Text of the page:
Micron announces UV Robot Challenge
Micron Technology has launched a hackathon to develop an open-source UV disinfection robot. The concept for the hackathon is develop reliable, low-cost ultraviolet-light robotic solutions to automate disinfection processes while combating the spread of COVID-19 and other diseases.
Micron Technology, Inc. is an American producer of computer memory and computer data storage including dynamic random-access memory, flash memory, and USB flash drives. It is headquartered in Boise, Idaho.
They are inviting engineers, inventors and professionals in robotics or machine learning to design a complete solution through a collaborative, open-source approach. The goal is to design a machine that effectively disinfects surfaces and rooms within a facility, for under 10K in parts.
Details About the Micro UV Robot Challenge
To learn complete details and sign up for the challenge, go to hackster.io
The hackathon officially started on June 4 and continues through August 30, 2020. There are over $21,000 in prizes for the hackathon, including a $10,000 first prize. As of the publication of this article, there were already 117 participants registered.
Low Cost Solution to UV Light Disinfection
René Hartner, Vice President Corporate Business Development at Micron, said “If you are running a nursing home, you might not have $90K for a commercial UV disinfection robot. Those robots are quite expensive, and we wanted to sponsor this hackathon to make the technology affordable and available to safeguard small businesses.” Hartner went to say, “we approached several universities and multiple of them decided to get labs and students involved in the challenge. In addition, several companies are making patents available if the technology can be applied to this problem.”
Anatomy of an UV Robot
We’re not here to spoil any secrets about autonomous mobile robots (AMR) for the hackathon contestants. However, since we just finished up our market survey of UV Disinfection Solutions with the publication of the 2020 Buyers Guide, I think that The Mobile Robot Guide knows a thing or two about this market at the current moment.
The average price of UV disinfection mobile robots is $53K (USD). The highest priced solution on the market is $125K (USD) and the least expensive is $6K (USD). So it is possible to develop a commercial AMR solution for under the $10K benchmark as outlined in the hackathon rules.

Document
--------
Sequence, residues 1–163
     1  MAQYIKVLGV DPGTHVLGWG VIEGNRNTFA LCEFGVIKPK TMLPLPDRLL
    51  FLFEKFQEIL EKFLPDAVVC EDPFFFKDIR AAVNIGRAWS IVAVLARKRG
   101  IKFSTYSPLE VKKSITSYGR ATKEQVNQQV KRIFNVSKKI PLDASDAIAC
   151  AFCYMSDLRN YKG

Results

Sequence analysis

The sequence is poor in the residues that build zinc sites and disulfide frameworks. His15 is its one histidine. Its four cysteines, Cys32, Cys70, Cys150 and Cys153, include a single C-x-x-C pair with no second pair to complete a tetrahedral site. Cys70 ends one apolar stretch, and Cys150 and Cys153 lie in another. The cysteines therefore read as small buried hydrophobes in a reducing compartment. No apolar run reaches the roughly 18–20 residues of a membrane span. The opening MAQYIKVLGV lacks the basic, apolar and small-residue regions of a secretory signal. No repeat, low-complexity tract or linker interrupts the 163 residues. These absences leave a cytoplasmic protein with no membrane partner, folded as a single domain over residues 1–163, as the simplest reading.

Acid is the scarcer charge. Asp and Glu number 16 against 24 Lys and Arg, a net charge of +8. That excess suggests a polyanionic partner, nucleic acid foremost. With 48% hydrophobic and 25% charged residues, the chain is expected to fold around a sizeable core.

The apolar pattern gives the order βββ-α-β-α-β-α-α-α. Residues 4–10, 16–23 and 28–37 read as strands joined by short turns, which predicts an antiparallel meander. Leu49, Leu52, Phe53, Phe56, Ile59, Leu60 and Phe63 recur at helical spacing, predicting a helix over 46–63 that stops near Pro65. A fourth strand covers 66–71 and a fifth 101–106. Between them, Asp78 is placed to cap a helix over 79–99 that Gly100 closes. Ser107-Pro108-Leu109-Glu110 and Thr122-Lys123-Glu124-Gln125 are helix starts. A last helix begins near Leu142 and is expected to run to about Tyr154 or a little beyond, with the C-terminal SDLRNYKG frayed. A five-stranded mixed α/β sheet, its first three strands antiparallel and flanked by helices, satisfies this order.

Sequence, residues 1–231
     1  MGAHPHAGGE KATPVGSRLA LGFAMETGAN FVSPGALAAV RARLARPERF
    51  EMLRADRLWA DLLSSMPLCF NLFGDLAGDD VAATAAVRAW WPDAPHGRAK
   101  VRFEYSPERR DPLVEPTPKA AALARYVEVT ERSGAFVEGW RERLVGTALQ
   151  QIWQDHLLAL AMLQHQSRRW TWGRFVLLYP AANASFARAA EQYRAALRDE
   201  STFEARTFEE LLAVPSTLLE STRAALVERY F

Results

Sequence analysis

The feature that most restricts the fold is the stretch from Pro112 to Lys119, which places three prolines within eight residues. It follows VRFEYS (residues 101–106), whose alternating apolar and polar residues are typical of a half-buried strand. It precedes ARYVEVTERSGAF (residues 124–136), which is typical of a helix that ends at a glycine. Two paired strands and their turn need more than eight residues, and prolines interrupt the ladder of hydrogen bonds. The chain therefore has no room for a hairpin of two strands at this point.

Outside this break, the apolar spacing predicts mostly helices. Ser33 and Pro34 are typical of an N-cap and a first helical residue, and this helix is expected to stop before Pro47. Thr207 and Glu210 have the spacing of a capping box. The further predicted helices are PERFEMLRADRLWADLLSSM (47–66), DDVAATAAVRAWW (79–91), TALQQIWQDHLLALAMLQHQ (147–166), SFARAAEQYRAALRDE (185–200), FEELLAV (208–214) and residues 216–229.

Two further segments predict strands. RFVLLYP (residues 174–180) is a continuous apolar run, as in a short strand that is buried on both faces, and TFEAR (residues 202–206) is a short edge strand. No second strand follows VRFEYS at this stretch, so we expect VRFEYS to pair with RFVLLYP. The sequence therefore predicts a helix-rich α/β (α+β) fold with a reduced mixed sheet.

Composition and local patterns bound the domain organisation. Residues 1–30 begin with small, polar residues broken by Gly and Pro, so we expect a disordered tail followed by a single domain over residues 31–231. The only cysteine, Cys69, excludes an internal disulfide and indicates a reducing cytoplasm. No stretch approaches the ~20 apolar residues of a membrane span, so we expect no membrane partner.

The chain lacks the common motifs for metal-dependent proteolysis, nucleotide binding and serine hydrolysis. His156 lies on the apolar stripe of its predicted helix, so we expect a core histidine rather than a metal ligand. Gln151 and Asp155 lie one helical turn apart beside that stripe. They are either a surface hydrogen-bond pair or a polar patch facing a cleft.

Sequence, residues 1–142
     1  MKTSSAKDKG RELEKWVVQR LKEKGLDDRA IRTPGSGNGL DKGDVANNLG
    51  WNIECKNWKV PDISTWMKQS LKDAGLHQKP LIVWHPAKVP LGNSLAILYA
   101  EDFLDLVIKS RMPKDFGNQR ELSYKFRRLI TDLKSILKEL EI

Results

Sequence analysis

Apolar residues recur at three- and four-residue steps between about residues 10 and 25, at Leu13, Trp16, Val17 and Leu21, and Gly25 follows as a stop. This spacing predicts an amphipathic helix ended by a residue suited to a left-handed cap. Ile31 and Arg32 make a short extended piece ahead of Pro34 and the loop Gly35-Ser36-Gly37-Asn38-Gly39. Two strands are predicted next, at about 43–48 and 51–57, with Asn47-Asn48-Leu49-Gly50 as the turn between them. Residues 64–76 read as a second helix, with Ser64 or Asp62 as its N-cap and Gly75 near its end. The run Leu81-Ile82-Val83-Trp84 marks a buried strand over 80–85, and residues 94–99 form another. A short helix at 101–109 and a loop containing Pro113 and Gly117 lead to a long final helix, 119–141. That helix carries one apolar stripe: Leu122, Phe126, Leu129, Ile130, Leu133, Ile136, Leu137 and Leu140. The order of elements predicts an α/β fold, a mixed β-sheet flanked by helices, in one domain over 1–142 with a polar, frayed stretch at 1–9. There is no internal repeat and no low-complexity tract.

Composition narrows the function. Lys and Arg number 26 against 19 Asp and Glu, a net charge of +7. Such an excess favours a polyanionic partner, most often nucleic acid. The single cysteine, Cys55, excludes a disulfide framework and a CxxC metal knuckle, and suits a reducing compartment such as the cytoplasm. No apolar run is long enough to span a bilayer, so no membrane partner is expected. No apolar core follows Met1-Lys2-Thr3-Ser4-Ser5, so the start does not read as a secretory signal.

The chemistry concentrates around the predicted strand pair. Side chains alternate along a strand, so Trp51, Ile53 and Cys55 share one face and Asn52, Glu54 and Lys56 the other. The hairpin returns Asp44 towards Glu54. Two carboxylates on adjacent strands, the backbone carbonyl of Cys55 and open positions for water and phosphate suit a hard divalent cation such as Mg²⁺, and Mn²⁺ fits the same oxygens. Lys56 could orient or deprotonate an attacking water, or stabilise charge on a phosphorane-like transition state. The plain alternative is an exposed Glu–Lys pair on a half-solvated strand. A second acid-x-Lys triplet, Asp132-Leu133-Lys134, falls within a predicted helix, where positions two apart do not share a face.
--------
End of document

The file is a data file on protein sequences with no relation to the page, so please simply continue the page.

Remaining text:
The most expensive parts for the solution are not in the payload (which is where the UV lights reside). In fact, the most expensive components for a system like this will be in the battery (UV light disinfection is a power hungry application), and in the sensors on board the AMR base. Most AMR bases use LIDAR for navigation, and LIDAR is really reliable for determining if humans are outside of a safe distance from the robot (before starting a disinfection cycle). However, commercial LIDAR sensors cost between $1.5K and $9K, which is a big chunk of that $10K budget.
Stayed Tuned for a Review of the Winners
We’re going to follow the progress of this hackathon as it progresses. So stay tuned for coverage of the event, the winning projects and the innovation that ensues. It is encouraging to see this level of excitement around viable AMR applications.
Good luck to all of the participants.
This hackathon is a timely and valuable response to the current economic conditions that we’re all facing. If you are looking to purchase a commercial UV Disinfection robot, be sure to get a copy of our recent Disinfection Solutions Buyers Guide, where you can learn all about viable disinfection processes, and read a complete review of all of the solutions currently on the market, including our recommendations for best solutions and technology innovation.
The 2020 Autonomous Disinfection Solutions Buyers Guide has been published!
This edition focuses entirely on AMR-based disinfection solutions to help facility managers clean and disinfect their facilities.
We’ve done all of the market research on the latest products.
Get it now!
Tell Us What You Think!
You must be logged in to post a comment.